Guide to Electrostatic Painting
If you have file cabinets, elevator doors, or another type of metal surface that needs to be touched up, you need to go with electrostatic spray painting. Of course, before you hire someone to do a job, you want to know exactly what that job is. Take a minute to learn the basics about electrostatic spray painting so you will have a better understanding of how this process works. Then, you’ll be ready to dive in and get the job done.
The Law of Attraction
Have you ever taken your clothing out of the dryer, only to notice that a sock is stuck to the back of your sweater? This has to do with the law of attraction. Positively and negatively charged particles attract each other, which is why that sock sticks to that sweater. This same concept is used with electrostatic painting. The paint attracts to the metal, which makes it stick.
That’s a basic explanation. Let’s take a closer look at this.
The Electrostatic Spray Gun
The electrostatic spray gun plays an important role in electrostatic spray painting. Right before the paint shoots out of the nozzle, the gun gives it a positive charge. Then, the droplets shoot out of the gun and go through an electric field.
The grounded metal item that is being painted is negatively charged. The positively charged paint and negatively charged metal attract just like a magnet. This makes the paint stick on the metal surface.
For this process to work, it must utilize what is known as a corona discharge. This is the electrical discharge that occurs due to the ionization of the electrostatic spray paint as it hits the electric field that surrounds the metal. The corona might be gaseous, but since it contains free electrons, it is conductive.
The Electric Field
Now, let’s take a closer look at the electric field. It also has a big impact on the attraction that occurs between the paint and the metal. As soon as the electric field is created, the ions naturally flow along the field lines that take them to the metal’s surface. The ions cannot resist the force that the negatively charged metal creates. This attraction is 75 times stronger than the force of gravity, so it is easy to see why this method works so well. Because the force is so strong, the paint stays in place. The charge stays there long enough for the attraction to remain, meaning the paint stays on the metal. This reduces paint drift, which is why the transference rate with this process averages 98 percent.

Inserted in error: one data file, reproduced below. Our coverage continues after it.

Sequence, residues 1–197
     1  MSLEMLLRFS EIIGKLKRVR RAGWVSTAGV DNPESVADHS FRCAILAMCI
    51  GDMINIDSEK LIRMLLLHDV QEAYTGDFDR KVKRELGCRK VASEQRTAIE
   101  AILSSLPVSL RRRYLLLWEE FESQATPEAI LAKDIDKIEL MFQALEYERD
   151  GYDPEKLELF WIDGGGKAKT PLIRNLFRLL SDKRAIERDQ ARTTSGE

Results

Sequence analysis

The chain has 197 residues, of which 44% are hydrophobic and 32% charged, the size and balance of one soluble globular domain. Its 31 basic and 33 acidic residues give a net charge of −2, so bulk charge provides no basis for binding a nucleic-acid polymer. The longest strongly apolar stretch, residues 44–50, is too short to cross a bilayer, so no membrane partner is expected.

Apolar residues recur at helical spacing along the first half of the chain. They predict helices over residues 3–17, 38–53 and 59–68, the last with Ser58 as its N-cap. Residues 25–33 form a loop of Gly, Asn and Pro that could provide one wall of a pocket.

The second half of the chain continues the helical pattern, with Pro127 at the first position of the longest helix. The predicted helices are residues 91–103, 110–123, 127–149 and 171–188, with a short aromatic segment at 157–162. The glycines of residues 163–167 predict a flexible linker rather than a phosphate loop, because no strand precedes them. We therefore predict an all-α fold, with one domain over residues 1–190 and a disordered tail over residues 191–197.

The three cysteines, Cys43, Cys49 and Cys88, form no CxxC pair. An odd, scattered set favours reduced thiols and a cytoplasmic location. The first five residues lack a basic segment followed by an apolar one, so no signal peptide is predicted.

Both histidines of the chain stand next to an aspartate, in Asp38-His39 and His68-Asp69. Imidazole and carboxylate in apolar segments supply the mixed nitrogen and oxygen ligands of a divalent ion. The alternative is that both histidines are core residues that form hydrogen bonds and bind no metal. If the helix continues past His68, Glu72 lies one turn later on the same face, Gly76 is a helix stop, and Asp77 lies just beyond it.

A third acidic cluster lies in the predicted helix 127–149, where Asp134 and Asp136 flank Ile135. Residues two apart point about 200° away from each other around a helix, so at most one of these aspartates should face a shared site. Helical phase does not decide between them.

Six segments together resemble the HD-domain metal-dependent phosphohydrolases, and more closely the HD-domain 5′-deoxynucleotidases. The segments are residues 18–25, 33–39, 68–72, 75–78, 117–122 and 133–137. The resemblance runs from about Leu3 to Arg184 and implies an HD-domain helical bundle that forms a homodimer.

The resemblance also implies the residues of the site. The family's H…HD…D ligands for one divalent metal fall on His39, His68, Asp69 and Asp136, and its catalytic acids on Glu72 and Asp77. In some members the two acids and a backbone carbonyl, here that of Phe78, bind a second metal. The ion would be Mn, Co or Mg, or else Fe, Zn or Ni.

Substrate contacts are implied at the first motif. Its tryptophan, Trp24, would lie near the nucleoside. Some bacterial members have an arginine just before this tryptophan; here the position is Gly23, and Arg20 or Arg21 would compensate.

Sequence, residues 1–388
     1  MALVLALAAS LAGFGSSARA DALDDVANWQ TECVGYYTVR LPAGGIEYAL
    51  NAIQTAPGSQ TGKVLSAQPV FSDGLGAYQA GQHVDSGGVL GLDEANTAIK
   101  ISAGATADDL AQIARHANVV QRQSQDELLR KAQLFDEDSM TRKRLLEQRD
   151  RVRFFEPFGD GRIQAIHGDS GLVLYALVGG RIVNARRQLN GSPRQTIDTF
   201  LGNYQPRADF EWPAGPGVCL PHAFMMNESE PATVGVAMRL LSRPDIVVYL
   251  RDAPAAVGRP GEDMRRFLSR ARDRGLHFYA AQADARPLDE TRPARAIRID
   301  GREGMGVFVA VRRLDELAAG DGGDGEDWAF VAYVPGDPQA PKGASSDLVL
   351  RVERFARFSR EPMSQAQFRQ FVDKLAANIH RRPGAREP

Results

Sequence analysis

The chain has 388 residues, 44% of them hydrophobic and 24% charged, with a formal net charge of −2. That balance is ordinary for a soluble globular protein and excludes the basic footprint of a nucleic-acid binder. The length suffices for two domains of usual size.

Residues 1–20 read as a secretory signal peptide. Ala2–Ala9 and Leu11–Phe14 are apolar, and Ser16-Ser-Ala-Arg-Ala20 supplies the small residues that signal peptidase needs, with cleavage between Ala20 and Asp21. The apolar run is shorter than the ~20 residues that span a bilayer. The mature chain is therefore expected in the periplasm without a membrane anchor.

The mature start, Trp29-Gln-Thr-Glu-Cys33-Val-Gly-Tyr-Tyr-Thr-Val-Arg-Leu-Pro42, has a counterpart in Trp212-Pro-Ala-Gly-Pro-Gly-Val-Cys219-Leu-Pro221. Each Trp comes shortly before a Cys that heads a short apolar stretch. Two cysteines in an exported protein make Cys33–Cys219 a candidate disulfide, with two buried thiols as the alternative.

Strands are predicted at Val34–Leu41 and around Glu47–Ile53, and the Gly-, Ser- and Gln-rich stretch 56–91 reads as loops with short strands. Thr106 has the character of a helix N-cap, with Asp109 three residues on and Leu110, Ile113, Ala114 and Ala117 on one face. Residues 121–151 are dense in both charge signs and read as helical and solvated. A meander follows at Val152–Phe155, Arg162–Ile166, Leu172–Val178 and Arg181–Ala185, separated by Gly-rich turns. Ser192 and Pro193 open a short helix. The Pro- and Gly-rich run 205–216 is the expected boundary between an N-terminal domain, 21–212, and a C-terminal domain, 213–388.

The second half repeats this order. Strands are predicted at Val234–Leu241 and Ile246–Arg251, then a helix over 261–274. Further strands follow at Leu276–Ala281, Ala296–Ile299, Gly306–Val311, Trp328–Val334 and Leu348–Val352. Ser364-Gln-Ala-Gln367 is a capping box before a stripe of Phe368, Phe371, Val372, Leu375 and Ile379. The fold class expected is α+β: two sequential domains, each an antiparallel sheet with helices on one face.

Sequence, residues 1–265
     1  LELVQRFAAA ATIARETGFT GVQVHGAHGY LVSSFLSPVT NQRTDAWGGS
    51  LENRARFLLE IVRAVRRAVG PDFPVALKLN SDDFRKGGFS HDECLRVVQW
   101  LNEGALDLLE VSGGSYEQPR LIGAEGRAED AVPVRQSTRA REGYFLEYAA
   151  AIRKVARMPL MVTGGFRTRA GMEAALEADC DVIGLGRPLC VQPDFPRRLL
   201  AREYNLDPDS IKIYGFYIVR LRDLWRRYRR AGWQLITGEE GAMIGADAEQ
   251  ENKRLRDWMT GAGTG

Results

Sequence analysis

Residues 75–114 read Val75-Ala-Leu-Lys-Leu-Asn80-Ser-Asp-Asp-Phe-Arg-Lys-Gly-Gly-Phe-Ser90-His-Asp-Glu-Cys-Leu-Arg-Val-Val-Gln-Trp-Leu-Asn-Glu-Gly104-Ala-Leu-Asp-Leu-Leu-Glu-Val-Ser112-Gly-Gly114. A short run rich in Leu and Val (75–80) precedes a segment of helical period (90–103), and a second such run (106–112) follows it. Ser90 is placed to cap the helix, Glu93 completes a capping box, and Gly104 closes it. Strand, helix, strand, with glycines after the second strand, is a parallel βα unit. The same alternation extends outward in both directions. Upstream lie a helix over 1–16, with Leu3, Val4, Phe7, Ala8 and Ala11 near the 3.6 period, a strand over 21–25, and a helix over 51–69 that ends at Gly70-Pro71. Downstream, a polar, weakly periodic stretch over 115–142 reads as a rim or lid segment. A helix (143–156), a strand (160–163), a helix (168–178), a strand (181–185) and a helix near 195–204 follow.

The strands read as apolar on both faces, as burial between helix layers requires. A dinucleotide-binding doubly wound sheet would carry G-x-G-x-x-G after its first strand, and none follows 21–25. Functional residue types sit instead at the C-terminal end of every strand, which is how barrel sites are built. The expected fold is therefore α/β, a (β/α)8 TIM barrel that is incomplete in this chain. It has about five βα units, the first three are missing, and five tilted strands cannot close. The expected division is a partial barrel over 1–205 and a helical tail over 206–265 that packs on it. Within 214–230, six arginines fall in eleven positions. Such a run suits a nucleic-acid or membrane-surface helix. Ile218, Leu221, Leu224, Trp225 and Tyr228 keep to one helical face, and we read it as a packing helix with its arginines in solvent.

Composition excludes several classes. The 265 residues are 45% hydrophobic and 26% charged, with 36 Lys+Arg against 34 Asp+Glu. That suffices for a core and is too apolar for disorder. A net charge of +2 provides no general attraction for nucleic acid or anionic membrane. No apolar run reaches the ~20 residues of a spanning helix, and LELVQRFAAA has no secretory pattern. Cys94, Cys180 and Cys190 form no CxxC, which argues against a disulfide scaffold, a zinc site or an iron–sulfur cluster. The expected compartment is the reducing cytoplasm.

Also, because the force of attraction is so strong, the paint droplets are pulled in multiple directions. That makes it easy to get all the sides of the metal object. Some of the particles will change direction midair to coat the top or the side of an object. This coating even manages to make its way into crevasses due to the strong pull.
Like Charges Repel Like Charges
This concept works because negative and positive attract. At the same time, like charges repel each other, which is why this paint doesn’t gather into huge drops. Instead, the paint remains as a fine mist, which works best for painting metal surfaces. That allows for an even coating all around the surface. The entire surface looks uniform and perfect.
Like Powder Coating, but Better
Due to the lack of overspray and large droplets, the result is a finish that closely resembles powder coating. It’s better than powder coating, though, since this system is portable. Powder coating is only available in factories, but a team can bring an electrostatic spray painting gun to your place of business and take care of the job onsite. Also, you do not have to worry about dismantling large metal items, since the paint can easily slip into crevices.
Spray Finishes offers electrostatic spray painting both onsite and in our factory. With offices in New York City, Connecticut, New Jersey, Long Island, and Westchester, we are right around the corner, ready to get to work. Contact us to find out more about how we can transform your old metal objects so they look like new.
*Content Updated: November 14, 2017